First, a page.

Another important factor in living that healthy lifestyle and seen in Mediterranean circles is that people eat together. I love that! It doesn’t matter what generation you belong to, everyone is welcomed and everyone is valued. Our modern society creates compartments. There is the children in one corner, the middle aged in another and the older in yet another.
Years ago I had this picture of what our modern society was creating. There was this big banquet table set. It was beautifully set with white tablecloths, decorated with fresh flowers and filled with the freshest of food – lobsters, cheeses, olives, fruit and salads – just let your imagination run wild here and picture it for yourself – and in the corner there was a rickety old table with frozen fish fingers for the children.
That is not the picture in Greece, Italy, France and many other countries. There is one large table spread with the best of the best of foods and everyone, young, middle and old come and eat from it. Eating together contributes to a healthy and fulfilling lifestyle.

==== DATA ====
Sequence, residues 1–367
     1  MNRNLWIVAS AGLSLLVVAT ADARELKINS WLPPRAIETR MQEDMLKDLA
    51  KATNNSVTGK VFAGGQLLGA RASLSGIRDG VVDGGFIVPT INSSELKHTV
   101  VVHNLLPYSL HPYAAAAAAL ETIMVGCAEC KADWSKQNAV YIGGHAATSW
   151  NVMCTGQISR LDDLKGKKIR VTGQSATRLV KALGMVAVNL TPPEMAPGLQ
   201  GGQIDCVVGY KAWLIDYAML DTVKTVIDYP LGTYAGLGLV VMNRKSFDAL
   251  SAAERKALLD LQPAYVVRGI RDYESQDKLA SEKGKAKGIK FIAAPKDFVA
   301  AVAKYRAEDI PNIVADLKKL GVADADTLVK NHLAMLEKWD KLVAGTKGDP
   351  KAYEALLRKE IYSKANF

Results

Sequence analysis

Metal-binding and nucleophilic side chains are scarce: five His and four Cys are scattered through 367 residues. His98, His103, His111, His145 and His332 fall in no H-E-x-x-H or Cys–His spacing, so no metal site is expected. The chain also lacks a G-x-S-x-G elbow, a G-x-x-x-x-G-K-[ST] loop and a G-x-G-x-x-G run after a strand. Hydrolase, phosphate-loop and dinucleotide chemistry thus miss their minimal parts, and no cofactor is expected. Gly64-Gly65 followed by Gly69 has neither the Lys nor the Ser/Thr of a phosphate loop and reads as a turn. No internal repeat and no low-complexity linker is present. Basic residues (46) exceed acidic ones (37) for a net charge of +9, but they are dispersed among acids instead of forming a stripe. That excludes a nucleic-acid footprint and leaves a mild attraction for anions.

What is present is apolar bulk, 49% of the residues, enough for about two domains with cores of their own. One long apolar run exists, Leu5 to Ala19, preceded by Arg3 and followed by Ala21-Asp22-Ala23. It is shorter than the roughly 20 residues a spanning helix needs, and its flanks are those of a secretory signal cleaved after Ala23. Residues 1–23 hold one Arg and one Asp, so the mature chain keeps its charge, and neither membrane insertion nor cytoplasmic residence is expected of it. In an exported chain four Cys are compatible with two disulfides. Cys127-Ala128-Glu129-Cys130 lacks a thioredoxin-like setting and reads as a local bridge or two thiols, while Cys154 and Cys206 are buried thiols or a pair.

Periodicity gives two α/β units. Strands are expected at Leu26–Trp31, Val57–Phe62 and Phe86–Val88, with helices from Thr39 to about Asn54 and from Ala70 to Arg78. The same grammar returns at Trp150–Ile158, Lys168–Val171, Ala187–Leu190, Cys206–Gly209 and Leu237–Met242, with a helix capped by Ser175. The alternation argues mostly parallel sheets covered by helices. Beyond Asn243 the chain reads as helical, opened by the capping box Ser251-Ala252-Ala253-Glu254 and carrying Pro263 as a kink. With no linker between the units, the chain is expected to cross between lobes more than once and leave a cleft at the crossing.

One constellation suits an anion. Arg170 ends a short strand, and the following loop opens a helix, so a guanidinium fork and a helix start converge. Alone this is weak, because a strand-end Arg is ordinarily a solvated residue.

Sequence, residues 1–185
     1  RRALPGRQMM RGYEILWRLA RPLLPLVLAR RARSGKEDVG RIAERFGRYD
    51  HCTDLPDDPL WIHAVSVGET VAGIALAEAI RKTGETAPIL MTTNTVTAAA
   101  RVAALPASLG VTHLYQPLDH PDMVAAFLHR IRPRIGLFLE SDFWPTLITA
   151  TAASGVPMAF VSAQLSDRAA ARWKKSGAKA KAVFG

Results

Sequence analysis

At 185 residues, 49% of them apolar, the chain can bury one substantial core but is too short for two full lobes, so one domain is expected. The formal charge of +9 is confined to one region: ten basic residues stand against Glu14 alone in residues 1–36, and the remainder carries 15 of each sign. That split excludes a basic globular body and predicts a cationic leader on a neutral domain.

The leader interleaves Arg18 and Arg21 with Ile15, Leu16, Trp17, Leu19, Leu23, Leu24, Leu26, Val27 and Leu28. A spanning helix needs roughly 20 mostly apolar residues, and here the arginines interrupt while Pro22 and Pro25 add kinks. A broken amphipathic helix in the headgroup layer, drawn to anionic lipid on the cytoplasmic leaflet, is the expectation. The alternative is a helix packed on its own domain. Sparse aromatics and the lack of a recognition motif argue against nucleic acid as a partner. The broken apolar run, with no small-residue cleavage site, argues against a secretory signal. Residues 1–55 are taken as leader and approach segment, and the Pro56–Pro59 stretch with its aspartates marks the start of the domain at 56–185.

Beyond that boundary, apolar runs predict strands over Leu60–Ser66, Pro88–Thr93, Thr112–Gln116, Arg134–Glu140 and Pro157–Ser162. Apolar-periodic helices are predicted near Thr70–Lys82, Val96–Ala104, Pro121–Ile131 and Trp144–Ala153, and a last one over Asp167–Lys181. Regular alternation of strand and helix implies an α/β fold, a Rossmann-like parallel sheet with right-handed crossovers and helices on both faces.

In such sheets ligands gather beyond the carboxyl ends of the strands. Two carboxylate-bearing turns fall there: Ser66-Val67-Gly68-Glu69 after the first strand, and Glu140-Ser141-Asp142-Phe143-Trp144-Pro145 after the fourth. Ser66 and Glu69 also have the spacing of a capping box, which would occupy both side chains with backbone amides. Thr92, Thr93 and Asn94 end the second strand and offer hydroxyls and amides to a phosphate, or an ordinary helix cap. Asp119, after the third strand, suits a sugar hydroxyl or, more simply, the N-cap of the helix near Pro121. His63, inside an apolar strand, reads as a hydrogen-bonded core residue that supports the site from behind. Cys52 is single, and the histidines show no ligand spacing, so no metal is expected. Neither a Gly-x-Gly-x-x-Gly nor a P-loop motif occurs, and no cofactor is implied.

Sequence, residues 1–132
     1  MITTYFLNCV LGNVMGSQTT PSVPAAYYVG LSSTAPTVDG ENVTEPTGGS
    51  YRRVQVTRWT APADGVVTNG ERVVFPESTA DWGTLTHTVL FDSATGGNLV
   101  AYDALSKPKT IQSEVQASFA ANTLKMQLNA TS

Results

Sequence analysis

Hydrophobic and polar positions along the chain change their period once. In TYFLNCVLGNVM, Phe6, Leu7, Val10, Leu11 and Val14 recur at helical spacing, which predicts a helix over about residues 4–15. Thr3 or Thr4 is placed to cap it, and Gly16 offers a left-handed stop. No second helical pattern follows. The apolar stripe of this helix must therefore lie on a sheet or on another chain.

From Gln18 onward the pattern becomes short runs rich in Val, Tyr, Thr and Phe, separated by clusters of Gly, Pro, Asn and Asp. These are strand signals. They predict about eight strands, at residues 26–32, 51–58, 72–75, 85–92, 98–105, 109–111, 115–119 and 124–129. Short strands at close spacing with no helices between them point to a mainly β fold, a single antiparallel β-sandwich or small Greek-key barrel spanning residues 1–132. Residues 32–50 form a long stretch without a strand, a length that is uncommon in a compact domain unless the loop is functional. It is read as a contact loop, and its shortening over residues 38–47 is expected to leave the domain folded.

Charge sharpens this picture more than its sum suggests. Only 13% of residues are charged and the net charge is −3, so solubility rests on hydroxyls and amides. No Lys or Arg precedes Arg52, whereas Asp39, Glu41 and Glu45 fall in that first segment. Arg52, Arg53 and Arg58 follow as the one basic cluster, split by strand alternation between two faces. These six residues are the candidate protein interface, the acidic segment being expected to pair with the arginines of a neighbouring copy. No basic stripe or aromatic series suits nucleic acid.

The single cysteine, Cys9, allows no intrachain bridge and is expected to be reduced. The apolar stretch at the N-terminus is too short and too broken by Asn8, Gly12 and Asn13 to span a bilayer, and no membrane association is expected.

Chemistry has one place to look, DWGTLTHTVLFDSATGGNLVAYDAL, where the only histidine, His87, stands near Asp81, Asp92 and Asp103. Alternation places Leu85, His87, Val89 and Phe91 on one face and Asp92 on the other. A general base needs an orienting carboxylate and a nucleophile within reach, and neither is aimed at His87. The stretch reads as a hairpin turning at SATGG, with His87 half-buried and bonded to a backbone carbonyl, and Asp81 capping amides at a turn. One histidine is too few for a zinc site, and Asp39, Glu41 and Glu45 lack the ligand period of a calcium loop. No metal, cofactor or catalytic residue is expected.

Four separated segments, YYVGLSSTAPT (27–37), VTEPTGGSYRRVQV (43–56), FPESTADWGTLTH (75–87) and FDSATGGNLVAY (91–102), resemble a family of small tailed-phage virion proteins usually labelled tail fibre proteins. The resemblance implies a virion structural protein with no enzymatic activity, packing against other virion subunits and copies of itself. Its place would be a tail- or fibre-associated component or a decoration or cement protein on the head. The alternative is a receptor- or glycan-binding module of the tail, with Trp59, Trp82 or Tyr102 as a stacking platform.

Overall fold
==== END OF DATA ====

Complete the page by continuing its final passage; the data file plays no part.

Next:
What are some things you can do to start eating together with family and friends on a regular basis?
Growing up in a sporty family, I can’t remember ever not playing any type of sport. If it wasn’t kicking the ball around in the backyard with my brothers, it was playing with the neighbourhood kids at the local park or on a Saturday morning in competition sport. I played every sport I could get my hands on at school and generally, life for me was all about what team sport I could play!